It was 2006. I was a junior in college at the time.
My mother brought me to Hynes Convention Center to see Deval Patrick make a major campaign speech. We hustled up the escalators and packed into a large room filled to the brim. We were fifteen feet from the stage.
A young senator with a unique last name stepped onto the stage to tell us about his friend Deval. I had never been so electrified.
I don’t remember what he said. But I remember that in the midst of a Bush presidency, in the midst of an unjust war, on the cusp entering a job market whose prospects were dismal at best, I felt a rush of hope. I’d follow this guy anywhere, I thought to myself.
And I did. I followed Barack Obama from the moment he announced his candidacy. I was accused of being a bad feminist because I supported him over his female opponent. I questioned the audacity of such a thought–a black President, with an Arabic middle name? I gave money. I made phone calls. I knocked on doors.
I voted for Barack Obama, and on my 23rd birthday, November 4, 2008, I popped champagne in my North Carolina apartment as my friends and I rejoiced in the most historic and hopeful moment I could possibly imagine.
I followed Barack Obama as he faced his opposition head on, with a smile, and strong diplomacy. I followed him as he evolved on marriage equality, as he wrestled to open up healthcare to more Americans, as he hosted the first ever Passover seder in the White House (with my high school classmate, thankyouverymuch), as he expanded a drone program that made me sick, as he allowed immigrant children access to state colleges, as he spoke about God in a way I couldn’t understand, as he refused to tie terrorism to any one religion, as he imposed sanctions on a mother-country I likely will never be able to visit, as he got not one but two beautiful pooches, as he avoided conflicts with Republicans I wish he had faced more forcefully, as he spoke to me and my fellow Bostonians after we were attacked, as he cried over children killed by gun violence, as his family made the White House beyond cool with Debbie Allen dance classes and rap concerts, as he supported a Democratic candidate I couldn’t fully get behind, as he rejoiced in the joy of children, as he continued to send military aid to uphold a war I want to end, as he brought his intellect and poise to every moment, as he taught me and made me feel things and made me angry and excited for the future.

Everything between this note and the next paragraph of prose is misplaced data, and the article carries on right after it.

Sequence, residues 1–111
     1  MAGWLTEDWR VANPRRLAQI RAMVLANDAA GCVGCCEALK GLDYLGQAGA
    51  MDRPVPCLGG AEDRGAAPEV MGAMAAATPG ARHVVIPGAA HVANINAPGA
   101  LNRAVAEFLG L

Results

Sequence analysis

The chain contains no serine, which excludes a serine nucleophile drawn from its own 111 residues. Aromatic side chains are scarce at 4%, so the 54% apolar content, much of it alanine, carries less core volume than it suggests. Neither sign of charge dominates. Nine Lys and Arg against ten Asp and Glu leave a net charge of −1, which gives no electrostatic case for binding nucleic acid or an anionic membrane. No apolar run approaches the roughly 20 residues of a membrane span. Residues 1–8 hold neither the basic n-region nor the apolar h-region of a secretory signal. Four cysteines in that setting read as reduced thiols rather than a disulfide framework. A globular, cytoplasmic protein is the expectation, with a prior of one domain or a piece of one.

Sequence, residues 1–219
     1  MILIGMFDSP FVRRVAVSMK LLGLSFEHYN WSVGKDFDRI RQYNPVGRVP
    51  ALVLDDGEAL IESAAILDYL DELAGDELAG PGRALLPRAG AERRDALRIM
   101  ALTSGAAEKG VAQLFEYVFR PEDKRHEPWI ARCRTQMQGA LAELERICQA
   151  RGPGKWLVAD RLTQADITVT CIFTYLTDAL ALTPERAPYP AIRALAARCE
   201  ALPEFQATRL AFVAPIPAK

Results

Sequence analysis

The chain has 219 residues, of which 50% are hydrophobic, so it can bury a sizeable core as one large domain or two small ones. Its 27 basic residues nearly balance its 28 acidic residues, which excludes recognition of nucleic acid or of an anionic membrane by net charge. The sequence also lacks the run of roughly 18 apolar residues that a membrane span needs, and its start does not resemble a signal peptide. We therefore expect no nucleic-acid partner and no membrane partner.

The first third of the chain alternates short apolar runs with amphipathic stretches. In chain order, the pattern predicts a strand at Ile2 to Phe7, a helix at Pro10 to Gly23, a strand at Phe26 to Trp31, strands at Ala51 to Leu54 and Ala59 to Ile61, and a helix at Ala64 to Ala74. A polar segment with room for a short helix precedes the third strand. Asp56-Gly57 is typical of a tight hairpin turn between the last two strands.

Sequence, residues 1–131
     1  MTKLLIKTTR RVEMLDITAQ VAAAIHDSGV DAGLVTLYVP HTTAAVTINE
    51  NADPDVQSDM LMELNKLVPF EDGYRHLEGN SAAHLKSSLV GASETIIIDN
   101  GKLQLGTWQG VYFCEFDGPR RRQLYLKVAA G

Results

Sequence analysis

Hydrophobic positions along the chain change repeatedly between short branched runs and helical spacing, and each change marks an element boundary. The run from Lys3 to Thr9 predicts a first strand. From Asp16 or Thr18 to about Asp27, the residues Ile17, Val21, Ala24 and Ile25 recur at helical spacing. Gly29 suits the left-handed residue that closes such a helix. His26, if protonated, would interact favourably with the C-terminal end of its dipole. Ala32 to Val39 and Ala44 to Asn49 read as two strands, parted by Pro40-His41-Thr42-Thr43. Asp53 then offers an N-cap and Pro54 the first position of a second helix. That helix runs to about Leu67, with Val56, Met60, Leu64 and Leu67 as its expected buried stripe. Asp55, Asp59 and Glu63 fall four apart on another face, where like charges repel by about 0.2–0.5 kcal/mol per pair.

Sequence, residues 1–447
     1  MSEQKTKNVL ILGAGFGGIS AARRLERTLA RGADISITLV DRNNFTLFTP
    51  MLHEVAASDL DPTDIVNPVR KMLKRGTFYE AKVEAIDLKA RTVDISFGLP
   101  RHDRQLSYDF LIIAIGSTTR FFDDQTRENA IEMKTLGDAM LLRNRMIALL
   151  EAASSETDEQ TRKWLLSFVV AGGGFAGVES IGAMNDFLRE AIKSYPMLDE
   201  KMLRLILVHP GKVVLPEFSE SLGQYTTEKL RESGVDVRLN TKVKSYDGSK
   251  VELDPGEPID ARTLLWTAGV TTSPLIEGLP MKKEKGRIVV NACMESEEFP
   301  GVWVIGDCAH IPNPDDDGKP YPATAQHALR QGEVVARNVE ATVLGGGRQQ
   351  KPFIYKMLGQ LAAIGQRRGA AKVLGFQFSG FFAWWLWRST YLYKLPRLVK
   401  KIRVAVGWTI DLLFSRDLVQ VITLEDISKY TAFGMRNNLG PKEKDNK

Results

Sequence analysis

I followed him then, I will follow him now. As he and Michelle continue to lead, to inspire, to show us that leadership is imperfect, but beautiful, when done with love, flexibility, and awe. They both promised that even after their stay in the White House is over, they’ll be fighting alongside us. That’s a real leader. Someone who will stay true to the cause no matter what.
That senator in Hynes Convention Center made me a follower for life. So I’ll follow his example as I work to help women and their children break the cycle of poverty by using their own resilience; I’ll march when asked, I’ll sign when prompted, I will call my representatives when necessary, I’ll vote every single time I am able. I will follow his example in my career, in my life, and in my heart forever. To seek justice in all that I do and to help as many others as I can along the way. I’ll follow him now…into the fray, to fight the good fight, and to continue to hold on to the audacity of hope.